1) Students will dethrone the current idol and erect another one. Maybe Barry Harris. Who knows? Is there maybe something about the academy that encourages orthodox thinking?
    2) The generation of real 'street' players who thrived in a strong live jazz environment are slowly retiring, to be replaced by those for whom jazz has always been school music. They will pass on that wisdom as well as they can, but the nature of the music will inevitably change into some sort of classical music.

    For the second point, I think we are already there with today's generation of boppers. That music is like Bach now. It's been happening for a while though. I think it was Wynton's mission really.
    Interesting. I see it a bit differently.

    1. Talented students didn't quit Berklee because Berklee is/was bad, but because they were ready. That is, they had met their objectives of becoming pro level players. (Maybe it means that Berklee was fantastic). Anyway, why hang around jazz school or any schoool if a conventional education is not your goal?

    2. Barry Harris is an old bebop guy. That's old and narrow by now - although - there seems to be a bit of a nostalgic bebop renaissance happening these days, which is just great. Regardless, I don't think he'll become "the kids hero" to any large or lasting extent.

    3. Ironically, the very people who want to establish jazz as "America's classical music" are making a point that is largely centered on bop. So, this idea of making jazz a kind of classical music, is it a good thing or a bad thing?

    4. It seems to me that ever since Miles created "jazz/rock" that jazz has been more and more influenced by popular styles, like funk, rock, pop, and hiphop, than it has by academia. Given that depressing reality, perhaps we do need to curate it.


    Oh well. Bedlam time. Go Sooners!!!

  7. #56

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    I have studied voice leading. I'm not mocking anything. I have been to school. I did learn things. I think lessons and schooling are useful.

  8. #57

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    I doubt anyone on this forum or anyone known by anyone on this forum can play enjoyable music while knowing absolutely no theory. = Not even knowing what notes the guitar's strings are tuned to etc. So theory is not only good but absolutely necessary. I'm not buying the premise that enough theory to play and be soul = good, but studying more theory to become advanced = bad. Seems like a kind of stupid and oxy mornical point. Even players who were openly anti intellectual used theory. The solo to Kurt Cobain's 'Sappy' is written entirely in dorian. When I happened to hash it out I was like what the eff? Kurt used Dorian? That's like a mid level concept. I thought he only knew 2+2 but was just a 'genius.'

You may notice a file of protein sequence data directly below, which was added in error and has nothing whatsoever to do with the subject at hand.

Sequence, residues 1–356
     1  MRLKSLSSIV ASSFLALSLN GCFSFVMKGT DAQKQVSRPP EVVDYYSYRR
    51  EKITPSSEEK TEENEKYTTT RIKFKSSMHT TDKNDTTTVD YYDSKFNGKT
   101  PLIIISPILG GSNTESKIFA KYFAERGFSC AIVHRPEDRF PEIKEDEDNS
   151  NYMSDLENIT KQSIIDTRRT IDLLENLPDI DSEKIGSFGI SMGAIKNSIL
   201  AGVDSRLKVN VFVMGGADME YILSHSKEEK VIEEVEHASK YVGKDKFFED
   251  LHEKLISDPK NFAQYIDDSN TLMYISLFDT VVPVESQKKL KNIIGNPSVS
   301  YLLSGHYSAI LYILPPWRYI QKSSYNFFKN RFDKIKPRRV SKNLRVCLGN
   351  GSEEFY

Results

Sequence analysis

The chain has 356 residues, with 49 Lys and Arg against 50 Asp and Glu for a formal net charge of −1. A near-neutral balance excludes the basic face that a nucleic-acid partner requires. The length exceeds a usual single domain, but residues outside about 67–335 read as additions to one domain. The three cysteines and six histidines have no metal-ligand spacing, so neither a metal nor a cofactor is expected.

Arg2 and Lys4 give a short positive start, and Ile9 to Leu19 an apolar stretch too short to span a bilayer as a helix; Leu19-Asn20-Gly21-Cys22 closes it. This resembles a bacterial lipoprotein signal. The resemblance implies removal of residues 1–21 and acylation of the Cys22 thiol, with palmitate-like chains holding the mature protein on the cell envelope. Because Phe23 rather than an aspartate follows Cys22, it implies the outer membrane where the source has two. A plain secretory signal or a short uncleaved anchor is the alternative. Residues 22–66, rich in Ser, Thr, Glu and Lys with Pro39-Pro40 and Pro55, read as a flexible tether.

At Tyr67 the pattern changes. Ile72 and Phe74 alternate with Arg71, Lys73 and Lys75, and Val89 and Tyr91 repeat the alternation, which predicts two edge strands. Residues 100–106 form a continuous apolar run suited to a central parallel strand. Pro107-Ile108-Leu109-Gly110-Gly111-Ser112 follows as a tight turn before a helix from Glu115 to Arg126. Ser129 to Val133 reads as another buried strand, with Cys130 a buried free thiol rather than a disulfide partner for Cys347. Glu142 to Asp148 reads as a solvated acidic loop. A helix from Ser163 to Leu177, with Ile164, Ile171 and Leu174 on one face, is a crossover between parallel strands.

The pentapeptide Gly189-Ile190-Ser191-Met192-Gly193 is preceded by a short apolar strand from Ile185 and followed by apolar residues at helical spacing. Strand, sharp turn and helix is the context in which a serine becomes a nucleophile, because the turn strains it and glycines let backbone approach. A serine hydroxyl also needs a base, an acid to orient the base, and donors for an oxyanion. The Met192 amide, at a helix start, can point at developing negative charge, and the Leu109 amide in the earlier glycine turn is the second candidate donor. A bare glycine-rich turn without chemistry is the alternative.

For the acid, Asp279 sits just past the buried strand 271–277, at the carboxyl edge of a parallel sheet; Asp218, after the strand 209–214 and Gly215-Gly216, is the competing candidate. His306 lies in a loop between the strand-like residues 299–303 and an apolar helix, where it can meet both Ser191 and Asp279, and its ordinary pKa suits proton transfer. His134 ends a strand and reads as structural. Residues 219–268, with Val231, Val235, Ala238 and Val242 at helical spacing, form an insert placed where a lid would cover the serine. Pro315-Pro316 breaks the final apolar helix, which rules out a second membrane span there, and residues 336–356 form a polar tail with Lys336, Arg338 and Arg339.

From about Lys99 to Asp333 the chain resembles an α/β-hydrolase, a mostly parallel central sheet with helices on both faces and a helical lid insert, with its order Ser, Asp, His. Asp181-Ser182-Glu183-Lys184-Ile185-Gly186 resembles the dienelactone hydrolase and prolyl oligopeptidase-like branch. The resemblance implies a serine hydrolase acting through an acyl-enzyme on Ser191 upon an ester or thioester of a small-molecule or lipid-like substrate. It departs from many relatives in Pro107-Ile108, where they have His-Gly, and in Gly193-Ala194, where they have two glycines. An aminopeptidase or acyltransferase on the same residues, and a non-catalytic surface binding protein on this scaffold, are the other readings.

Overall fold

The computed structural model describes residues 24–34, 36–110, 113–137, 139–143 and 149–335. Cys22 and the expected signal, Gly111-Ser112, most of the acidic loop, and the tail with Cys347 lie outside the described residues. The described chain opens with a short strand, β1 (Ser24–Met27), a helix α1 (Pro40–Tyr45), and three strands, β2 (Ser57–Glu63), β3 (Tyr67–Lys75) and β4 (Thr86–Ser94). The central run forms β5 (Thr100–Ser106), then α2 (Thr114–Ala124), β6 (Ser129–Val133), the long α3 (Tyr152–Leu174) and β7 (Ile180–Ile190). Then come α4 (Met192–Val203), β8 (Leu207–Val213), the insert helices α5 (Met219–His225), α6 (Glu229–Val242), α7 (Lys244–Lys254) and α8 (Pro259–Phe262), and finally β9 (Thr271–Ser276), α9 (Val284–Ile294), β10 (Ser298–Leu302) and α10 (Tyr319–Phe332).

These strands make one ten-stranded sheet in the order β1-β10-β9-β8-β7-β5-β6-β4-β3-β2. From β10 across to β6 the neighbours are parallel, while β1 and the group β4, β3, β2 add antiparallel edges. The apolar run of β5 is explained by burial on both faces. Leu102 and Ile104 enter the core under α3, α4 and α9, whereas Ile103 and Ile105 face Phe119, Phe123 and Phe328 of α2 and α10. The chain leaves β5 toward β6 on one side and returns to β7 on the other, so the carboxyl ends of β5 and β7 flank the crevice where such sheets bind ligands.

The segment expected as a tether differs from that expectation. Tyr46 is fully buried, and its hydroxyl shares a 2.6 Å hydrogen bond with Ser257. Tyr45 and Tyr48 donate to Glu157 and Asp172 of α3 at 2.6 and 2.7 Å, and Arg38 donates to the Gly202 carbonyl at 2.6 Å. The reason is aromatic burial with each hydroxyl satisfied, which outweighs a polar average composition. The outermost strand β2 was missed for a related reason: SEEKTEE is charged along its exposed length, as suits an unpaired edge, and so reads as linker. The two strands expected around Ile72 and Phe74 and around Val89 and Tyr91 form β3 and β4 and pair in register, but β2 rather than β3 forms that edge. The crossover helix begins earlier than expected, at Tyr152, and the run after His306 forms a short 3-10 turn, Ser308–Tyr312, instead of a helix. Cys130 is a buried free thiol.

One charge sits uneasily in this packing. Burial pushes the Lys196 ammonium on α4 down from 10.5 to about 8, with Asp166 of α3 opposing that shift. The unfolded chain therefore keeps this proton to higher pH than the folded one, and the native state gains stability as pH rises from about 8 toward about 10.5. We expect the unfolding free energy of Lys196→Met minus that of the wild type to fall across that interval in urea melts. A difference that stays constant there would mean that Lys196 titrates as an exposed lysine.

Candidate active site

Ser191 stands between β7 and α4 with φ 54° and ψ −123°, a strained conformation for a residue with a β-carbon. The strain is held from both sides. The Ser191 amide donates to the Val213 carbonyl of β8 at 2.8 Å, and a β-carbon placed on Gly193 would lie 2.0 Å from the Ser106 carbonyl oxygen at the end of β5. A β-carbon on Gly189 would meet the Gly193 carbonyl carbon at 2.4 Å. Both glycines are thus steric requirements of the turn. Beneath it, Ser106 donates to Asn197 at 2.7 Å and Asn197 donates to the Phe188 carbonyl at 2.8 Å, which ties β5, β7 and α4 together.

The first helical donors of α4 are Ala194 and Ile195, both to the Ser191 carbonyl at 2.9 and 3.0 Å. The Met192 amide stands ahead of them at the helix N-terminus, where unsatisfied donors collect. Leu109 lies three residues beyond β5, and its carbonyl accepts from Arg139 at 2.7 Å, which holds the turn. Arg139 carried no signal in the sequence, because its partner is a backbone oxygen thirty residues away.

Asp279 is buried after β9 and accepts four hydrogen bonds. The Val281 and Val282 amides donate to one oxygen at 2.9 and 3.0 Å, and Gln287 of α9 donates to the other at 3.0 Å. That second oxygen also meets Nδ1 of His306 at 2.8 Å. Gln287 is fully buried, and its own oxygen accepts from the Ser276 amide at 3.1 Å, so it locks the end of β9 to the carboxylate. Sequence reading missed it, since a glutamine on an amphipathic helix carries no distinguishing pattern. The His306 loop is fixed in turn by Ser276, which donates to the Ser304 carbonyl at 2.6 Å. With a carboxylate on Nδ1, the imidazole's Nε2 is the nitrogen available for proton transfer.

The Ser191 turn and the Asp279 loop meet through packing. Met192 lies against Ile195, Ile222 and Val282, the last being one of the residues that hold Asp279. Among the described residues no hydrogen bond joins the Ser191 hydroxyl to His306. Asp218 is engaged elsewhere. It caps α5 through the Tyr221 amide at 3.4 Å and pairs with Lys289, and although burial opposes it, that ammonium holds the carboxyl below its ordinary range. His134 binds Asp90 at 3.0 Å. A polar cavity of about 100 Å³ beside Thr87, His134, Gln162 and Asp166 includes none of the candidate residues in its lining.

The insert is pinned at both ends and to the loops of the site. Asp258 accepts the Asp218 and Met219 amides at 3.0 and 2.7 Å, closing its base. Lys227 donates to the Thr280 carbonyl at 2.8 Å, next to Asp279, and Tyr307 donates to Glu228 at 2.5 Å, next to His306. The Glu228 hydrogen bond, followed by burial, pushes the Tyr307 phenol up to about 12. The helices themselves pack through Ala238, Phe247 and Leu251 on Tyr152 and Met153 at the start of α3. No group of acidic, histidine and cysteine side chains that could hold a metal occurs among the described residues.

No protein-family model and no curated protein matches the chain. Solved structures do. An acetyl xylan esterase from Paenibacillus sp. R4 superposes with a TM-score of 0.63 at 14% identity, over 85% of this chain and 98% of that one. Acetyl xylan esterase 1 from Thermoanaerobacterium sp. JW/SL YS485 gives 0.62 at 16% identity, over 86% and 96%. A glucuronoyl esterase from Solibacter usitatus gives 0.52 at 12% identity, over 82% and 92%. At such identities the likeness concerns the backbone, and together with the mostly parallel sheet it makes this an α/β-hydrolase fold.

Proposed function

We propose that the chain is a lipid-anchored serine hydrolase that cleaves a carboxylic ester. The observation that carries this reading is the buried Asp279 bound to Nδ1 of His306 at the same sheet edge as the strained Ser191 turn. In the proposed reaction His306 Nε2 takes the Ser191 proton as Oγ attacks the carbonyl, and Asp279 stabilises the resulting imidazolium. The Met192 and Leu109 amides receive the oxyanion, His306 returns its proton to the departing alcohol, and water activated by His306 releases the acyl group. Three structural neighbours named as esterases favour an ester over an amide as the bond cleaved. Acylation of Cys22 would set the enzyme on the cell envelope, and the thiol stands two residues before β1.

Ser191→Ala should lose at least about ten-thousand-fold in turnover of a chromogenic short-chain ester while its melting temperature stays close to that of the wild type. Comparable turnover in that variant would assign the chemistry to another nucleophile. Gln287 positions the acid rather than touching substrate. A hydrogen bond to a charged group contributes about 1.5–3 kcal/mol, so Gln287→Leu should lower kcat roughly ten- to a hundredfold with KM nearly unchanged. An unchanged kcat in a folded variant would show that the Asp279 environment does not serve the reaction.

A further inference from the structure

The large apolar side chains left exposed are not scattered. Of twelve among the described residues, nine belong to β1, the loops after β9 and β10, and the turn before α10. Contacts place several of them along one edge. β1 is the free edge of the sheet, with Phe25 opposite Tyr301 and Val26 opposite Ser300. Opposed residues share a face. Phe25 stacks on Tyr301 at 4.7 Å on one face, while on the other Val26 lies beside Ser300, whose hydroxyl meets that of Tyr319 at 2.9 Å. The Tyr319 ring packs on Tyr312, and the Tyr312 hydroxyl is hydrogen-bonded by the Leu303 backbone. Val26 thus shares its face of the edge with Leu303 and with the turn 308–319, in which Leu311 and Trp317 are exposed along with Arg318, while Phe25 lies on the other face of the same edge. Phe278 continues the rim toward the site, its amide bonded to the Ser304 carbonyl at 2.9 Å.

9. #58

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    Quote Originally Posted by christianm77
    Well a jazz course was originally - here's a pile of records, a bunch of keen young musicians about your age, and a bunch grizzled veterans to tell you off, now get to work.
    It was a bit better than that in 1971 at Portland State. EG: that's where I learned 2-5-1 through the circle. Thing was, it sounded like old folks music to me at that point. I did not dig it. But I met some people and we played a lot together. In the practice rooms. In the stage band. And later for some 7 years together in an group. I didn't last more than a year at school. I continued to learn theory from other players who showed me what I needed to find.

    I didn't mean to suggest that theory is useless. You have to have that and a lot more. You have to play jazz with people for one thing. (kinda hard to do right now) And you need to have something inside that can only be released through playing.

  10. #59